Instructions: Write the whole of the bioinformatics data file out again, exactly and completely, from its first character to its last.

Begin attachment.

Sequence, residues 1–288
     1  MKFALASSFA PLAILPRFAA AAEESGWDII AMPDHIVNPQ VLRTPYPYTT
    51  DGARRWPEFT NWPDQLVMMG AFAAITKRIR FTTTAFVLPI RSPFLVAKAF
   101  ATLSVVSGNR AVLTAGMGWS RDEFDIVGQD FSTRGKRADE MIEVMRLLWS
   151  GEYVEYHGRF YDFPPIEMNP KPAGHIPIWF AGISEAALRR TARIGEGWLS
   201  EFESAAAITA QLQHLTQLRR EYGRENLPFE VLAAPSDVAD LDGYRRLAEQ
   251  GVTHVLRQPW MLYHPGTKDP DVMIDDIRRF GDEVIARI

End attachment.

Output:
Sequence, residues 1–288
     1  MKFALASSFA PLAILPRFAA AAEESGWDII AMPDHIVNPQ VLRTPYPYTT
    51  DGARRWPEFT NWPDQLVMMG AFAAITKRIR FTTTAFVLPI RSPFLVAKAF
   101  ATLSVVSGNR AVLTAGMGWS RDEFDIVGQD FSTRGKRADE MIEVMRLLWS
   151  GEYVEYHGRF YDFPPIEMNP KPAGHIPIWF AGISEAALRR TARIGEGWLS
   201  EFESAAAITA QLQHLTQLRR EYGRENLPFE VLAAPSDVAD LDGYRRLAEQ
   251  GVTHVLRQPW MLYHPGTKDP DVMIDDIRRF GDEVIARI